My html looks like this

<input id="txt" value=""></input>

<div class="link-item">jK</div>
<div class="link-item">JFOO</div>

my js


    var txtsearch = $('#txt').val();
    var filt = $("div.link-item:contains('" + txtsearch +"')");

    $("div.link-item").css("display", "none")
        .css("display", "block");


I'm looking to filter content dynamically on the client side. When I type a capital j, it only returns the second div whereas I want to get all div that contain j whether upper or lower case.


You can change the .contains filter to be case insensitive or create your own selector.

jQuery.expr[':'].icontains = function(a, i, m) {
  return jQuery(a).text().toUpperCase()
      .indexOf(m[3].toUpperCase()) >= 0;

This creates a new selector: icontains (or you could name it insensitive-contains, or whatever suits your fancy). It's usage would be the same as contains: $('div:icontains("Stack")'); would match:


Or override the existing .contains filter:

jQuery.expr[':'].contains = function(a, i, m) {
  return jQuery(a).text().toUpperCase()
      .indexOf(m[3].toUpperCase()) >= 0;

With this in place,


would select all three of these elements:

<div>hey hey JOHN hey hey</div>
  • 4
    I think you should create a separate selector for this rather then overriding the default one. – Stefan Jan 5 '12 at 18:10
  • you get my last upvote (though I'd recommend naming it containsInsensitive so you don't go overwriting built-in stuff) – Adam Rackis Jan 5 '12 at 18:21
  • won't m be a string with all of :contains(foo) that you'd have to strip that out manually? Do the jQuery docs explain this function anywhere? – Adam Rackis Jan 5 '12 at 18:31
  • 5
    just in case anyone has trouble with what is a,i,m in function(a,i,m) like me.. refer this jquery-howto.blogspot.in/2009/06/… – Abdul Hameed Apr 4 '17 at 9:48
  • 1
    Thanks for the link, @AbdulHameed! Now I get why the m[3]. – Chris Walker Aug 6 '19 at 20:23

Why not use the filter function, and pass in a function that uses a case insensitive regex?

var filteredDivs = $("div.link-item").filter(function() {
    var reg = new RegExp(txtsearch, "i");
    return reg.test($(this).text());


  • For me, because this is not easy to remember compared to :contains or :icontains – OG Sean Oct 7 '19 at 18:55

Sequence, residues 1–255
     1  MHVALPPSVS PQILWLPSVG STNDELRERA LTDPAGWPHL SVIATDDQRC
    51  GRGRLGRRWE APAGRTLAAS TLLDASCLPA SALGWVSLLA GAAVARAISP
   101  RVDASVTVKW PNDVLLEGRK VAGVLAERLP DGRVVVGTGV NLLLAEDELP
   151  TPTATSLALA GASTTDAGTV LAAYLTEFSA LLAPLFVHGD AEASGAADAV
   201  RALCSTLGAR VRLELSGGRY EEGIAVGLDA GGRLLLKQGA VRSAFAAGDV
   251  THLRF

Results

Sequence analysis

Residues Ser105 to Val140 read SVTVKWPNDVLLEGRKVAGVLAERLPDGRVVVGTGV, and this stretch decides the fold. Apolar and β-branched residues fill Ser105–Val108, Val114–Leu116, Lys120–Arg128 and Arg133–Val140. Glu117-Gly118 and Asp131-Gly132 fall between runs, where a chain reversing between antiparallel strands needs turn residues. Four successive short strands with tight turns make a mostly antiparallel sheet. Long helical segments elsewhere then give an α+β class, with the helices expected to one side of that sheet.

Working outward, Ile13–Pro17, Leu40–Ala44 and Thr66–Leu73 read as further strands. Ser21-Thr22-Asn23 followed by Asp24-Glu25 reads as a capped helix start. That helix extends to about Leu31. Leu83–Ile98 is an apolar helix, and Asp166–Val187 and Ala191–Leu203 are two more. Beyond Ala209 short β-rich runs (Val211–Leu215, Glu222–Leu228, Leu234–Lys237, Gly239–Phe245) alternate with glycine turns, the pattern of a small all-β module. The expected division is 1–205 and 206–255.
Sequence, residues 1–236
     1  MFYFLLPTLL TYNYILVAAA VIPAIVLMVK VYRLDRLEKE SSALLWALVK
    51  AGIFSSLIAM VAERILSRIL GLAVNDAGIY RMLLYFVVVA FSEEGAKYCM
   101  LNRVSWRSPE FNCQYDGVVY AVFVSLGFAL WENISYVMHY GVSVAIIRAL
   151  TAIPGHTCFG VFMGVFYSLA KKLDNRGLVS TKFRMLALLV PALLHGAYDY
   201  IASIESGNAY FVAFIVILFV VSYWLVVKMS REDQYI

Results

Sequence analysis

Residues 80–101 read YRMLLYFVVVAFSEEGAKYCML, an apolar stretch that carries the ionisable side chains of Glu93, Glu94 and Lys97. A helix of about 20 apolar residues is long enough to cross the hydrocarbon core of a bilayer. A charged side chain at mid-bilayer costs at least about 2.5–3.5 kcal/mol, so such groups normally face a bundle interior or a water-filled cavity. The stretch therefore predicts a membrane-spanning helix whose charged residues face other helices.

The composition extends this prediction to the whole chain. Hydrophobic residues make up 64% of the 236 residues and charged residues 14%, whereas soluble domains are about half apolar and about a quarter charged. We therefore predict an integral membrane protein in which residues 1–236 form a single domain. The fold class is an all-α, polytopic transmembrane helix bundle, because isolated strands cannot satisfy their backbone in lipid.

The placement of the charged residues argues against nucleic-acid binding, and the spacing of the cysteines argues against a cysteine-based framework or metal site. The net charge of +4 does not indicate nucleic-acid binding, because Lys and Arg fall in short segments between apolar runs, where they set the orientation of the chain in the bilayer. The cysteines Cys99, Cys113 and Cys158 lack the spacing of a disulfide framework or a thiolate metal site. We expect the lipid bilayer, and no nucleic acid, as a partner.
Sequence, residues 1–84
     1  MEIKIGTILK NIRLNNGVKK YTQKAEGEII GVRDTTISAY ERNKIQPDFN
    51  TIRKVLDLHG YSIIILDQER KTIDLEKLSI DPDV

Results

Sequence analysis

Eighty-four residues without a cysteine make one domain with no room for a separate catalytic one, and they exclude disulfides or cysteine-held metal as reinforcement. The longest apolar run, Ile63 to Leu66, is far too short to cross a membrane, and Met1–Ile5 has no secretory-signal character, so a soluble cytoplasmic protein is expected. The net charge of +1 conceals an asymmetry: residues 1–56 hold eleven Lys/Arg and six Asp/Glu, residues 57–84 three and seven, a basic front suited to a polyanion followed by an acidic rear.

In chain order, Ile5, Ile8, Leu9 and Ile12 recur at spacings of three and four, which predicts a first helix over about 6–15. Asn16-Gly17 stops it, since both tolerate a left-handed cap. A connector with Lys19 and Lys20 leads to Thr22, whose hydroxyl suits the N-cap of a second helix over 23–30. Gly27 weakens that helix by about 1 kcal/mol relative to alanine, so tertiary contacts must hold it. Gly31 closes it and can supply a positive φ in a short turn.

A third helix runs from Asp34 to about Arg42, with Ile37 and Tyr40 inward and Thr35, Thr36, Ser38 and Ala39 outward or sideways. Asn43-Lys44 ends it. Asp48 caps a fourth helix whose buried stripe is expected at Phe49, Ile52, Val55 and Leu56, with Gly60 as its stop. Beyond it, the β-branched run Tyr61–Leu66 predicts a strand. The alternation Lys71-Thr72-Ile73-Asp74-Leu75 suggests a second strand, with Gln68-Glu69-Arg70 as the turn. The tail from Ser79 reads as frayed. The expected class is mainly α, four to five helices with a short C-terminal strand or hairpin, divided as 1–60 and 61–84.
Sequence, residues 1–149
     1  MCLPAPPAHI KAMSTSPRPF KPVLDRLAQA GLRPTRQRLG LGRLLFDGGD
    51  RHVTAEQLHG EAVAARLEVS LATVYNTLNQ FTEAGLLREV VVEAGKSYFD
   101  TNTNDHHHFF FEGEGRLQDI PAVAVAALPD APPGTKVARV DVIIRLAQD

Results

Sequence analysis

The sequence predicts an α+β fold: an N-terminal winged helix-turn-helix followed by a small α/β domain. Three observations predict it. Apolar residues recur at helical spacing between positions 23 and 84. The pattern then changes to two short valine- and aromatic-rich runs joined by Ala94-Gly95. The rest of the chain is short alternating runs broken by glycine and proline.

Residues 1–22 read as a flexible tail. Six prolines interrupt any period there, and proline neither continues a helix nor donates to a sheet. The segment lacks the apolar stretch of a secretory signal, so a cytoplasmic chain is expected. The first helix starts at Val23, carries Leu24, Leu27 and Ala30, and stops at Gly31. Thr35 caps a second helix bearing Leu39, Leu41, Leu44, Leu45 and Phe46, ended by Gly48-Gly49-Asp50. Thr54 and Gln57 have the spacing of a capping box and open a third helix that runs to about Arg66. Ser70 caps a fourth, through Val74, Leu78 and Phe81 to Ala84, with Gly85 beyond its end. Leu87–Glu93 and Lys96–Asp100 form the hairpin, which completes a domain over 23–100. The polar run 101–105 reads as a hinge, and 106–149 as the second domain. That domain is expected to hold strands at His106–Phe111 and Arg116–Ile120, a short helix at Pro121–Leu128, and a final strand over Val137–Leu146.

Here is my contribution, hope it helps :)

$('#txt').keyup(function() {
    var query = $(this).val();
        .filter(':contains("' + query + '")')

The :contains() selector is case sensitive.

The matching text can appear directly within the selected element, in any of that element's descendants, or a combination thereof. As with attribute value selectors, text inside the parentheses of :contains() can be written as bare words or surrounded by quotation marks. The text must have matching case to be selected.

Also created a demo if someone would like to try it out.


Sorry, must have misread your question.

Found this jQuery expression at http://bugs.jquery.com/ticket/278 to create a new selector that is case insensitive and I updated my demo.

$.extend($.expr[':'], {
  'containsi': function(elem, i, match, array) {
    return (elem.textContent || elem.innerText || '').toLowerCase()
        .indexOf((match[3] || "").toLowerCase()) >= 0;

I don't believe there is a way to do this with a raw selector. The contains selector is case sensitive and there doesn't appear to be a case insensitive version. I think the best approach is to use a filter that manually queries the object

var filt = function (unused) {
  $(this).text().toLowerCase().indexOf(txtSearch.toLowerCase()) !== -1;
  • If you like to settle for core functions out of the box only... otherwise, extending jQuery with another non-case-sensitive selector seems pretty nice! – OG Sean Oct 7 '19 at 18:55

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